A federal judge on Friday ordered a Pennsylvania woman charged in the Jan. 6 Capitol riot to show why she should not be jailed pending trial or held in contempt of court for allegedly flouting a requirement that she wear a mask when leaving her home while on bond.

Rachel Marie Powell, a mother of eight who lives in Mercer County, Pa., just east of the state line and Youngstown, Ohio, has pleaded not guilty to eight counts including felony destruction of federal property and obstruction of a congressional proceeding after allegedly carrying an ice ax and large wooden pole into the Capitol.

The FBI previously alleged that Powell, wearing a pink hat and carrying a bullhorn, helped shatter a window with a battering ram and appeared to direct others at the scene.

Chief U.S. District Judge Beryl A. Howell approved Powell’s conditional home release on Feb. 11 pending trial, subject to location monitoring and the mask requirement.

In an order Friday, a trial judge wrote that Powell appeared to respond evasively to a court compliance officer when asked about a video recently posted on social media apparently showing her at her workplace wearing “a see-through mesh mask” with holes big enough to see her nose and mouth through it.

In a report to the court, the officer said Powell “was evasive in answering” questions about the material of the mask and said she added that she “threw it away per her attorney’s advisement.”

“Defendant’s decision to appear in a video wearing a mask with holes in it mocks compliance with the Court’s Order,” U.S. District Judge Royce C. Lamberth wrote, adding that no reasonable person could think that it complied with a condition Howell imposed to ensure that the defendant “would not pose a risk to the health and safety of the community when she left her house.”’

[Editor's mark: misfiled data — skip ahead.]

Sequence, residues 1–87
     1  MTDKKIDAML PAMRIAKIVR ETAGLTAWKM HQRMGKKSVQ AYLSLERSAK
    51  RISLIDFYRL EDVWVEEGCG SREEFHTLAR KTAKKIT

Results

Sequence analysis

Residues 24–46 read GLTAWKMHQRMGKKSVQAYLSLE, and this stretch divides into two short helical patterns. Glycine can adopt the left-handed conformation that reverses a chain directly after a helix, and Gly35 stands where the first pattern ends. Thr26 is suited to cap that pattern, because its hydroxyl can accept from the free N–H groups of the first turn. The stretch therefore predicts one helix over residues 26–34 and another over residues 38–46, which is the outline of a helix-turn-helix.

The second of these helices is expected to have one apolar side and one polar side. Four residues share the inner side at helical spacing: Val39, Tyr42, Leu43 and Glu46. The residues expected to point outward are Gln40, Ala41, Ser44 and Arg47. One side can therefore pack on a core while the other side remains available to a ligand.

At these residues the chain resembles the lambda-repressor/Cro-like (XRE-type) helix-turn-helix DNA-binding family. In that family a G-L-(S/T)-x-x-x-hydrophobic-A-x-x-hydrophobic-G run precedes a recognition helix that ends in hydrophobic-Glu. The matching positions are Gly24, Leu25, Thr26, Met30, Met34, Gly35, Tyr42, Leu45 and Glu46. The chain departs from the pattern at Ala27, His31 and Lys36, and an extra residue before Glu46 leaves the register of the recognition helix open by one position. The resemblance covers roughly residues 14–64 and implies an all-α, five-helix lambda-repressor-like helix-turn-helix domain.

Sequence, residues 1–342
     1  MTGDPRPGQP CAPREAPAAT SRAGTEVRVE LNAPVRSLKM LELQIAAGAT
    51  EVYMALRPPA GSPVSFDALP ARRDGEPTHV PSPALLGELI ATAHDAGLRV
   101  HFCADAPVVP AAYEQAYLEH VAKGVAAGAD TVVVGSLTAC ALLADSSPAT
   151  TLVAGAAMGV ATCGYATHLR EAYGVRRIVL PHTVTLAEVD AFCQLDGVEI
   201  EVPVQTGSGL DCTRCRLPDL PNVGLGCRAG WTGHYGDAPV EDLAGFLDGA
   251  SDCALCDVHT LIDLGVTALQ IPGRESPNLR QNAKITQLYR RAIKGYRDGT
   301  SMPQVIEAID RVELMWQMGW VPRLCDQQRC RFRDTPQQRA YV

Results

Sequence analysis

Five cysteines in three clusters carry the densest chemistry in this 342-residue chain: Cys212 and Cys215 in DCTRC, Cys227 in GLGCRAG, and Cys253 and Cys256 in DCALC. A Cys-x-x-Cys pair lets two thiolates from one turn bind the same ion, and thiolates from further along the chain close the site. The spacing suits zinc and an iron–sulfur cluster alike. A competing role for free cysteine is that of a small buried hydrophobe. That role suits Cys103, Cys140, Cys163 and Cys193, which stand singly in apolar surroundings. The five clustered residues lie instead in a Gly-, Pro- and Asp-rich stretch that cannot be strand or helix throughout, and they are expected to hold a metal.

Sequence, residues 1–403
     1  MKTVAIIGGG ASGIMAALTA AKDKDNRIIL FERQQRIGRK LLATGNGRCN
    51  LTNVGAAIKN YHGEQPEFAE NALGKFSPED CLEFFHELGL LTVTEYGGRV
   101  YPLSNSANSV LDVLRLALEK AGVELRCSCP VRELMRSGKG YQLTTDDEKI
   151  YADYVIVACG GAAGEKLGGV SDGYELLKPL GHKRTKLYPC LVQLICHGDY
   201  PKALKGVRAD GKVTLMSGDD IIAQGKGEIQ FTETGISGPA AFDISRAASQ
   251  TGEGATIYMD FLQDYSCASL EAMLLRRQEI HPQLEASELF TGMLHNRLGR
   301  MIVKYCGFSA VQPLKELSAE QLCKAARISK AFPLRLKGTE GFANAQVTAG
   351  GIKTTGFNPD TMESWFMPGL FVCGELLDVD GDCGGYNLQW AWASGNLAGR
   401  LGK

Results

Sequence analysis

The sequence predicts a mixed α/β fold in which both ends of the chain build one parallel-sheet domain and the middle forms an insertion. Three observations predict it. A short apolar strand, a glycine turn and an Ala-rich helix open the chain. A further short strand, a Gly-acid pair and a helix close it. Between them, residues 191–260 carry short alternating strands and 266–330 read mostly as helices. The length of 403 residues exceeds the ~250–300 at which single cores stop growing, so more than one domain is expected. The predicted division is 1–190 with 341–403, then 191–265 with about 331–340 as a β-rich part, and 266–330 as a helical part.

Lamberth gave Powell 10 days to respond in writing why she should not be punished for violating bond conditions.

“The court does not take defendant’s willingness to flout the Court’s Order lightly,” said Lamberth, one of Howell’s predecessors as chief district judge. “Additionally, the Court is concerned with defense counsel’s apparent reaction to defendant’s non-compliance.” Lamberth directed Powell’s attorney to explain his alleged instruction to dispose of evidence.

In an email, Powell attorney Michael J. Engle of Philadelphia said: “I need to review the matter with my client and file a response with the Court. However, I can state with absolute certainty that the characterization of any legal advice I may have provided to my client is not accurate.”

Law & Crime first reported on April 9 that a video appearing to show Powell in a see-through mask was posted on the Facebook page of Mr. Bookman, a used-book store in Franklin, Pa., on March 31, before being taken down less than an hour after the reporter contacted the owners.

The Sharon Herald reported that Powell has protested pandemic closures and associated job and business losses with the bookshop’s owners. The paper quoted her as saying, “We are all essential [workers], because we all have to feed our families,’’ and, “I don’t think the governor has the right to tell people not to work.” The news story also included her in a photo holding a sign saying, “The mask is a symbol of our enslavement.”